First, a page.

How do I do <x> in assembler?

One of the most common classes of question in the ARM community which I answer is "How do I do <x> in ARM assembler?". While I am always happy to answer these questions, I thought it would be useful to write blog containing a few handy self-help tips.

The crux of the technique which I use is to not write the assembler at all the first time. It is very easy to get wrong, the syntax is fiddly, and not even engineers employed by ARM memorize the whole architecture reference manual. Instead cheat and use C, a compiler, and a disassembler as your teacher. It is easier to demonstrate the technique with an example, so I'll pick on a question which was asked recently in the ARM Processors place.

The prerequisites for following the example yourself are simply an ARM-build of a GCC cross-compiler, and a text editor.

Question: How do I perform 64-bit value comparison in ARM instructions?

The steps we will follow are really quite simple:

  • Write a C example in a file called main.c
  • Compile with the command line below*/**:
    • arm-eabi-gcc -c -O1 main.c -o main.o
  • Disassemble to investigate what the compiler did with the command line below*/**:
    • arm-eabi-objdump -d main.o

However there are a few useful tips when writing the example C file which will make your life a lot easier.

* Your GCC build may have a different prefix than "arm-eabi-", so replace accordingly.

** All other ARM tool chains I have used have an equivalent set of command lines; for ARM DS-5 you can use armcc and fromelf instead of gcc and objdump.

Worked Example

The first step is to write a C example of the behaviour you want to understand. I quite like making my code snippets executable, as it means I can run it with some test code to make sure it is doing what I expect. One common mistake at this point is to put the code under test inside the main function, for example:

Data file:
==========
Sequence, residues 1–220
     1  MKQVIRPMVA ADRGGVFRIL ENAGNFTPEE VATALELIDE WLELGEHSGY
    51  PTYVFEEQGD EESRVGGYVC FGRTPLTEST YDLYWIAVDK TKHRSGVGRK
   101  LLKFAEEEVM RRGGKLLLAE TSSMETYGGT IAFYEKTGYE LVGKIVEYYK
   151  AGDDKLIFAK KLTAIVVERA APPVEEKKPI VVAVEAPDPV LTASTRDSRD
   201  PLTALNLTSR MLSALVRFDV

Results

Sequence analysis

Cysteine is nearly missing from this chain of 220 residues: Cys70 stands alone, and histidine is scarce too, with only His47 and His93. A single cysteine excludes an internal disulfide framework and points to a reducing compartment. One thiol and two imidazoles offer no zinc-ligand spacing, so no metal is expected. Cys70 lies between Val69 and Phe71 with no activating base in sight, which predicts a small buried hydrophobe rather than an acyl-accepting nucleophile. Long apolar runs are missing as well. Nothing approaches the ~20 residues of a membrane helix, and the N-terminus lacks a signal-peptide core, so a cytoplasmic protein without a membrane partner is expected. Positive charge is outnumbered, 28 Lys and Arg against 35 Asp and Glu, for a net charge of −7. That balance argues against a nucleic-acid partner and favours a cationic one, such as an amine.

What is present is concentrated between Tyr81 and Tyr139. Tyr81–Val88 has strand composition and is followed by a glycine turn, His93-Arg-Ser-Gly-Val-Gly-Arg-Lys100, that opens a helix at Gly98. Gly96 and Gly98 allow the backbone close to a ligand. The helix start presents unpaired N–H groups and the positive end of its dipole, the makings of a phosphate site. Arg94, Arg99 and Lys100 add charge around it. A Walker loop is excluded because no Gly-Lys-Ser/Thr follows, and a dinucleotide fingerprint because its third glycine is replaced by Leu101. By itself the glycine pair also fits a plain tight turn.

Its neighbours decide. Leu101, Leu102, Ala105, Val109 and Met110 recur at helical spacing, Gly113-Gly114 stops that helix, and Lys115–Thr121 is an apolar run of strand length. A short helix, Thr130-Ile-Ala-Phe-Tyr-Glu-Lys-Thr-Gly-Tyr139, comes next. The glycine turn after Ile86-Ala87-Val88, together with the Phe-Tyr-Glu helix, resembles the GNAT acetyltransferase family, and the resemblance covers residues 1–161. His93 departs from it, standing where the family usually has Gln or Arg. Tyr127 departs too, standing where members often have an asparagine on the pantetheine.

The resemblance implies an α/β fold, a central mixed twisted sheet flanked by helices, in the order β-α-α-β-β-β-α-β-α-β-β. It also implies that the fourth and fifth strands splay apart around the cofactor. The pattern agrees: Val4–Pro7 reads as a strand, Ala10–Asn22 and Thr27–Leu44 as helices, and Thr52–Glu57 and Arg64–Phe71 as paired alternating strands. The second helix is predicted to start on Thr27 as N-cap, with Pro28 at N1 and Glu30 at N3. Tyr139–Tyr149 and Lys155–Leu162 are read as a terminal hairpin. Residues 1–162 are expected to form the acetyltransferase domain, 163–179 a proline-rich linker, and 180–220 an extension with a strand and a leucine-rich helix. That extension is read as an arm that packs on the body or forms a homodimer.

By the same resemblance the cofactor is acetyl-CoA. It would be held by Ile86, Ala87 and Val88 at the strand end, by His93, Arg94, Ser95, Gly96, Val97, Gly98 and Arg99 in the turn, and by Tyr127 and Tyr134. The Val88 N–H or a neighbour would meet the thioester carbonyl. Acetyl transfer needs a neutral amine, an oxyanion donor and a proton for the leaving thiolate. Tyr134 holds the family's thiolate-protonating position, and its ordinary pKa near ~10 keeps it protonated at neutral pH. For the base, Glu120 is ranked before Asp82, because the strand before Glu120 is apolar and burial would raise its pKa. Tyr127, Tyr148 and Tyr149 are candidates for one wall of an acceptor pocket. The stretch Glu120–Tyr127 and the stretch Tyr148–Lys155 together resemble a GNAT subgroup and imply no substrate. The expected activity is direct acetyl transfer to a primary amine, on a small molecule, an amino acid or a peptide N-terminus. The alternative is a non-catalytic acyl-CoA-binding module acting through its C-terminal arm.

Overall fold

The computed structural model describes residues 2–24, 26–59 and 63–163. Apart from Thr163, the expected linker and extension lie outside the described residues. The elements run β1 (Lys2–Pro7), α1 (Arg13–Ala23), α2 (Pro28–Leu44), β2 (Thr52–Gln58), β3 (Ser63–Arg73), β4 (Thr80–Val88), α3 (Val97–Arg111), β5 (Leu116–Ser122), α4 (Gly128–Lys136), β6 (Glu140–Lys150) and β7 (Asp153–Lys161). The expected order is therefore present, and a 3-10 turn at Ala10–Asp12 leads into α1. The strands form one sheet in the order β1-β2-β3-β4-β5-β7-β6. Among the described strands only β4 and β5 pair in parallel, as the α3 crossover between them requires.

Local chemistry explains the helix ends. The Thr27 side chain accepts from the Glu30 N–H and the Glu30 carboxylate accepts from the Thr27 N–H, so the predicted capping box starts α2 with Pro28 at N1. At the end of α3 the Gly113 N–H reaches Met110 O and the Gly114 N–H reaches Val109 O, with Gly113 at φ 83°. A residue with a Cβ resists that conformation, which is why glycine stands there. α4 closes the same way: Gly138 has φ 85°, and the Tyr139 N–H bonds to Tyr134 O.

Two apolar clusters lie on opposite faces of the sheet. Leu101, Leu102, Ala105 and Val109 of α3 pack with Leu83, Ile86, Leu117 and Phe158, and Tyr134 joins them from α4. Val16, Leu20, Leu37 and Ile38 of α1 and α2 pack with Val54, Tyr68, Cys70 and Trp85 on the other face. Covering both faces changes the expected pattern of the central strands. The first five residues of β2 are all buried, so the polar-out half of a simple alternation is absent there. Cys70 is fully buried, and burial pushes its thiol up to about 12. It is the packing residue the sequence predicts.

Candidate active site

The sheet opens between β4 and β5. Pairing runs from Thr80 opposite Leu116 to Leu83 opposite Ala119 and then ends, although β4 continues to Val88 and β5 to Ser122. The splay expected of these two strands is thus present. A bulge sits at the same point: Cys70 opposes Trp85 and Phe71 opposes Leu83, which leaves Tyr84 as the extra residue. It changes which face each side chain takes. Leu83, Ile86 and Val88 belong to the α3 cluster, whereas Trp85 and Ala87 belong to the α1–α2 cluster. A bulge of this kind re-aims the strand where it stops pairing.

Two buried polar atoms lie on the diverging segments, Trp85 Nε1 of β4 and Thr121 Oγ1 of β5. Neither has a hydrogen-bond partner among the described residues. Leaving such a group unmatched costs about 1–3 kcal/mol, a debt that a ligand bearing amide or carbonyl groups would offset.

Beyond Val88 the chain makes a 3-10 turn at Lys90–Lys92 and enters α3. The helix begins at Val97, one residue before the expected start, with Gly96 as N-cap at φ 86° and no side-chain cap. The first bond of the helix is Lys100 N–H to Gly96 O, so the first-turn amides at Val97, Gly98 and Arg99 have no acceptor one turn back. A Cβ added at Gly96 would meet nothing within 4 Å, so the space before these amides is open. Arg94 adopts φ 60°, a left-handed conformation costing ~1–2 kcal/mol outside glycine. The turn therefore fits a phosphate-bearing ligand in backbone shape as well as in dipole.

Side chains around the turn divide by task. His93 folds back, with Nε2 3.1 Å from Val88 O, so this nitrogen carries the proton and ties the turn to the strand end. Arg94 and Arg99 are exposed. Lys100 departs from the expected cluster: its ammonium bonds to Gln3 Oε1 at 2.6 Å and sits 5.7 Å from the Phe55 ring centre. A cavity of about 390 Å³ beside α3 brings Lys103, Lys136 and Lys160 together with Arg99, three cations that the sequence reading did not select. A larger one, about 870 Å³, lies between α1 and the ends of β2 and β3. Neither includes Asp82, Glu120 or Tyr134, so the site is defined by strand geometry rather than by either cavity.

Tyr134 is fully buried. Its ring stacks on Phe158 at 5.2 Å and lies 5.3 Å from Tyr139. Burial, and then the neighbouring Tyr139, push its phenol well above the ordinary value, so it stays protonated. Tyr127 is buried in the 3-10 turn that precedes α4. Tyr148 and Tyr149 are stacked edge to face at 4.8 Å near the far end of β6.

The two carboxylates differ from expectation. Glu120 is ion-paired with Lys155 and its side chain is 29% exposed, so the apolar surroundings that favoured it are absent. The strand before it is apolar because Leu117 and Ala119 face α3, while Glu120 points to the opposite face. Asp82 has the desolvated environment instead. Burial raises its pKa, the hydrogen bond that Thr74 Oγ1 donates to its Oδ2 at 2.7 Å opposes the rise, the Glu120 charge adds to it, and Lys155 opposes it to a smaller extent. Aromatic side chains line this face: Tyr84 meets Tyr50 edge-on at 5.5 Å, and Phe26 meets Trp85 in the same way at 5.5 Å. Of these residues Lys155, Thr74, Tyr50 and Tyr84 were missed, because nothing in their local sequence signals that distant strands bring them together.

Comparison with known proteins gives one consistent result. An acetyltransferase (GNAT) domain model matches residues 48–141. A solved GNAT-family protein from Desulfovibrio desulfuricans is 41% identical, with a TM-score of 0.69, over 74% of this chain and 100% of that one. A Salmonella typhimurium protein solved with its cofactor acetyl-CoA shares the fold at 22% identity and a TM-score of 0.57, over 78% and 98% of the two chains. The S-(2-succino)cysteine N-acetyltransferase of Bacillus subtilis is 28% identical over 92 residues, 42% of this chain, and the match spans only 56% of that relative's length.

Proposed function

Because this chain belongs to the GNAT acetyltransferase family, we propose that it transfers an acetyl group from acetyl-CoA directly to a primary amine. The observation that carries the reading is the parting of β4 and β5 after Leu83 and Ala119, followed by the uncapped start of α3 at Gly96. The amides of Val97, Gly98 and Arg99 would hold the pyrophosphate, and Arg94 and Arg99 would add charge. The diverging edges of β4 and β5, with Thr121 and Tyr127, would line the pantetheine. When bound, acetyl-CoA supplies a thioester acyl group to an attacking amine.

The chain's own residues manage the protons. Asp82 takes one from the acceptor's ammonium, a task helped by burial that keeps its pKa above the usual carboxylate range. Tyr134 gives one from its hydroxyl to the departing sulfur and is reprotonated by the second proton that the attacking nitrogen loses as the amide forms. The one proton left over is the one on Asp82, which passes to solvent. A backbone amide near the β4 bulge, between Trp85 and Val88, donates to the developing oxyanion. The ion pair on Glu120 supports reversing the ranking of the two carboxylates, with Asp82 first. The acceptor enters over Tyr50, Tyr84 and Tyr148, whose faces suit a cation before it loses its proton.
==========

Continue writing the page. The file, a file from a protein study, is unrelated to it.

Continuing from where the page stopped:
int main( void ) {
        long long a = 1LL;
        long long b = 2LL;
        if( a < b )  {
            return 0;
        return 1;

If you compile with -O0 you tend to get a lot of additional complexity in the disassembly due to the main function itself, and the compiler not optimizing the output leaves a lot of unneeded instructions in the code sequence.

    00000000 <main>:
      0: e52db004 push {fp} ; (str fp, [sp, #-4]!)
      4: e28db000 add fp, sp, #0
      8: e24dd014 sub sp, sp, #20
      c: e3a02001 mov r2, #1
     10: e3a03000 mov r3, #0
     14: e14b20fc strd r2, [fp, #-12]
     18: e3a02002 mov r2, #2
     1c: e3a03000 mov r3, #0
     20: e14b21f4 strd r2, [fp, #-20] ; 0xffffffec
     24: e14b00dc ldrd r0, [fp, #-12]
     28: e14b21d4 ldrd r2, [fp, #-20] ; 0xffffffec
     2c: e1500002 cmp r0, r2
     30: e0d1c003 sbcs ip, r1, r3
     34: aa000001 bge 40 <main+0x40>
     38: e3a03000 mov r3, #0
     3c: ea000000 b 44 <main+0x44>
     40: e3a03001 mov r3, #1
     44: e1a00003 mov r0, r3
     48: e28bd000 add sp, fp, #0
     4c: e8bd0800 ldmfd sp!, {fp}
     50: e12fff1e bx lr

If you are just starting out on the path of learning the ARM ISA then all of this extra code makes even finding the instructions for the behaviour you wanted to learn about more difficult than it needs to be. To try and remove the additional instruction you then try to be clever and compile with -01, which gives: